Having bought and sold a fair amount amateur radio equipment on Ebay I felt I could add to some of the excellent information already out there. I lot of what I am about to detail is really a general guide to Ebay.
First of all who sells on Ebay:
- Licenced Radio Amateurs.
- Dishonest people
Most of the main ham suppliers use Ebay to advertise special offers, clearance items and used goods. Absolutely nothing wrong with this, in fact, as a new Ebay purchaser this is a good place to start. Just make sure they are who they say they are - there Ebay rating is normally proof enough.
There are some small dealers that trade in components etc. The money involved in these purchases are so low that I would tend to take a risk even if the amount of feedback is low.
Licenced Radio Amateurs
Most are honest. They are normally easy to trace via the RSGB Year book or qrz.com however make sure that you are dealing with the real person. It has been known for a dishonest person to register on Ebay using a bogus call sign as their id. If there is little feedback and the item is expensive try contacting another amateur local to the seller and see if it really is the ham that is selling the rig or whatever.
Remember that the vast majority of Ebay transactions go through without problem. If the item is expensive and there is little or there is high bad feedback then treat with caution (others will). If you can collect the equipment then you may get youself a bargain as others will not bid.
Look for things that don't stack up. Somebody selling their transceiever will know a lot about it - check they are licensed ask them a technical question or two (if you don't know what to ask seek help fom another ham - most are very helpful).
Ebay is an excellent place to sell ham gear - your get an international audience for your sale. If possible start selling cheap items - buyers are more likely to take a risk with somebody with little or no feedback when the item is cheap. If you are licensed make sure that this is known and give it to any potential buyer. Describe the item honestly - photograph any cosmetic damage if you are claiming the goods to be in good condition. If you are auctioning a transceiver or other expensive item invite potential buyers to inspect the goods.
Before bidding on an expensive item find out about it. Let us take the classic FT-101 rig for example. This is an excellent rig and still reaches good prices on the seconhand-market. Searching the Internet you will find out that its mains transformer is a source of trouble if the rig has been over run. One of the main reasons for this is operators running too much power on AM.Before buying one of these I would check to see how long the current owner had used the rig for and make sure that he/she had not used it for AM or that they fully understood the issues.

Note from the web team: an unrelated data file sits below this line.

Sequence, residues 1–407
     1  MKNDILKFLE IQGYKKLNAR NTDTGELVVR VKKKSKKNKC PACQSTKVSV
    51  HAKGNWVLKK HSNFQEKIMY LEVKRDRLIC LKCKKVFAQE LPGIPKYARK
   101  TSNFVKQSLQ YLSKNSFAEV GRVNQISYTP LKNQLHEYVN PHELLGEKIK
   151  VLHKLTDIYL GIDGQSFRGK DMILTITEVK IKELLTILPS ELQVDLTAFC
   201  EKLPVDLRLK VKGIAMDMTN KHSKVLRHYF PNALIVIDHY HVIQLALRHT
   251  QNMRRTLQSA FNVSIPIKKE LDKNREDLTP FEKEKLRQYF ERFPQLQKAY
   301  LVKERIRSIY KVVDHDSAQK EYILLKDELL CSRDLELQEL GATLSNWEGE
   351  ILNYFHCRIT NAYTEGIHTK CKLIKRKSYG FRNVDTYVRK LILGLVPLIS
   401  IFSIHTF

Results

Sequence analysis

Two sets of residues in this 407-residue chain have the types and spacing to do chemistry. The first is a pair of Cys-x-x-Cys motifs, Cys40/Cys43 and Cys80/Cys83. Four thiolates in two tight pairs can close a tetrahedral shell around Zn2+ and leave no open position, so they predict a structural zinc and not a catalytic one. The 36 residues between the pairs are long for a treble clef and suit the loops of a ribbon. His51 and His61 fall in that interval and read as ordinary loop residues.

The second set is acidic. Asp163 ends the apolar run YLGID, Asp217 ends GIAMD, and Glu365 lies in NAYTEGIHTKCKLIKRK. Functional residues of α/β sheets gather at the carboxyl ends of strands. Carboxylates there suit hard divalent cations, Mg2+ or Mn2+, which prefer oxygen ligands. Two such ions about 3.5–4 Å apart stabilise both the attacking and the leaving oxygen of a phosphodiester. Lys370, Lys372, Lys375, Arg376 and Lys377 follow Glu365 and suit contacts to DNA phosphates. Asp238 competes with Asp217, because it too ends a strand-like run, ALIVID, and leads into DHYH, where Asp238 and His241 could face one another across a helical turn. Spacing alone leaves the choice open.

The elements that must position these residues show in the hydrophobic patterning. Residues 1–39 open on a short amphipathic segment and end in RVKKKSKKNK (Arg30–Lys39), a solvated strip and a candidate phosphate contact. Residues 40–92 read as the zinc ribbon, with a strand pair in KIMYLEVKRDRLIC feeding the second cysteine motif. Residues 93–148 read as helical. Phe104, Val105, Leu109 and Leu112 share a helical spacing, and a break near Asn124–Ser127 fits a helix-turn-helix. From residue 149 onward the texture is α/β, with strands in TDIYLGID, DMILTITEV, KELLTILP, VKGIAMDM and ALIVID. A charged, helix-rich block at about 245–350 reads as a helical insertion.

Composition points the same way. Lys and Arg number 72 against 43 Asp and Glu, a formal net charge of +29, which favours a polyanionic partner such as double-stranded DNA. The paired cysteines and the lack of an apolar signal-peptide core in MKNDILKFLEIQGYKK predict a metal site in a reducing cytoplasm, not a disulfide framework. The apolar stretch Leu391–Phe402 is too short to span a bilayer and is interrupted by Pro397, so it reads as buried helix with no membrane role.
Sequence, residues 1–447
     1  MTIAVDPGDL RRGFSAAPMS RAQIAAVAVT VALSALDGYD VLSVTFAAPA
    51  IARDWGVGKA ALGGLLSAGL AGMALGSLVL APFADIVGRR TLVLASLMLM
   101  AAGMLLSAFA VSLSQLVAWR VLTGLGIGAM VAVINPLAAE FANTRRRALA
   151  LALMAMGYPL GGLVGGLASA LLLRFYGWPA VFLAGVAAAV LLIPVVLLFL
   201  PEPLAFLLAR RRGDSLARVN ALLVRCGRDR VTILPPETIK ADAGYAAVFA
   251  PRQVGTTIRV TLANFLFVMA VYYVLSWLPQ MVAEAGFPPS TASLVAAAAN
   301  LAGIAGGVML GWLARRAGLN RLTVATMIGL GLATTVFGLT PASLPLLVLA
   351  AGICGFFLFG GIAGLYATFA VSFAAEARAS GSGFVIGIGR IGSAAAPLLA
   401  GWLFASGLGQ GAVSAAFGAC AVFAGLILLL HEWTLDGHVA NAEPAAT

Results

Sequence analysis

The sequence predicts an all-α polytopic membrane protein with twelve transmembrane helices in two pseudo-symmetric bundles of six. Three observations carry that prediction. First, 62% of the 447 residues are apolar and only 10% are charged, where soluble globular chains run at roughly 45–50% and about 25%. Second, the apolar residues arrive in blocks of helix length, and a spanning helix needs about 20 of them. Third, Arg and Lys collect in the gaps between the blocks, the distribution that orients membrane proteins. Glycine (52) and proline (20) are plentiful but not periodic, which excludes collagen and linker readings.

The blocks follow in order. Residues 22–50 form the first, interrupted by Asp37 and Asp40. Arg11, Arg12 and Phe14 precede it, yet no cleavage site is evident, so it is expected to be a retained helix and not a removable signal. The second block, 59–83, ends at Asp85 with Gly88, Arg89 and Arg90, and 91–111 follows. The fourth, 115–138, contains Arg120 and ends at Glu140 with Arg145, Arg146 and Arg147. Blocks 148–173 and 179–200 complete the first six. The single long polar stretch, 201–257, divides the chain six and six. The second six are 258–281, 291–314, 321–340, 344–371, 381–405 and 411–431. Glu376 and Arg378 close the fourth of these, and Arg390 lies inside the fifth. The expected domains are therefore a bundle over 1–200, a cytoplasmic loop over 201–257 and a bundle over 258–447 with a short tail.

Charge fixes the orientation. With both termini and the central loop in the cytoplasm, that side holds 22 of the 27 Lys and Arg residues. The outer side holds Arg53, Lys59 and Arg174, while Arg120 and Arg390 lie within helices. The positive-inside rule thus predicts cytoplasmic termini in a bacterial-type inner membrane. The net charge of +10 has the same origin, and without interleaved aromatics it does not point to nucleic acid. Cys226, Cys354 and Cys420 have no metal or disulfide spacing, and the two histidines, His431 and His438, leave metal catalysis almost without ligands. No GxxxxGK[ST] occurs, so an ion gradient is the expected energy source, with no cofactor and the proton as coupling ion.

Some time ago I decided to buy a Yaesu FT1000MP V Field. I checked the dealer prices and the Ebay market. What I realised was that the prices on the USA Ebay were considerably lower than the UK Ebay for this particular machine. I knew that new rigs were less expensive in the USA that in the UK however this did not explain the size of the difference. Checking the USA dealers I realised that Yaesu had dramatically dropped the USA new price. I guessed, as it turns out correctly, that Yaesu were about to replace the FT1000 as the flag-ship. I further realised that the price diffrence was so large that I could save money even if I ended up paying VAT on the import. I found a suitable machine that had a buy-it-now price. The seller had excellent feedback. He had given his call sign so I was able to check him out and found contest logs showing that he was using an FT1000. I asked the seller a few more questions, he answered honestly telling me a lot about the rig and his attitude made me feel comfortable. The whole transaction went without a hitch except that I got stung for the duty and VAT however I still made a considerable saving over the UK prices (they tumbled a few months later when Yaesu dropped the UK prices).
A much cheaper purchase was a FT209. This was described as in good condition. For a machine of this age I would expect some cosmetic damage but it to be fully functional. Although he had little feedback the price I paid was very much lower than I had expected When it arrived it was cosmetically reasonable however the memory functions were faulty as was the tone generator plus the display lamp was blown. The lamp and memory were not important but I wanted to use this for mobile so the tone was. An hour or so with the soldering iron plus a couple of minature LEDs and a couple of switches cured all the faults. The reality of the situation was that it was highly unlikely that a rig of this age had no faults so I did not believe his claims. I set my maximum bid price to what I would have expected to pay for a scrap machine. Had he been honest about the condition then I (and others) would have beleived him and placed higher bids.
Ebay is a great source for components both current and obsolete. Most of the components that I have purchased have turned out to be very good however I did receive some LEDs from one supplier that were obviously seconds.
With big purchases - use your head not your heart. Check out the seller, check out what the item is really worth and stick to your maximum bid. If you don't win this one then the chances are that another one will turn up again in the following days or weeks. For cheap items - most Ebayers value their feedback rating more than the money made off these, so why not take the risk?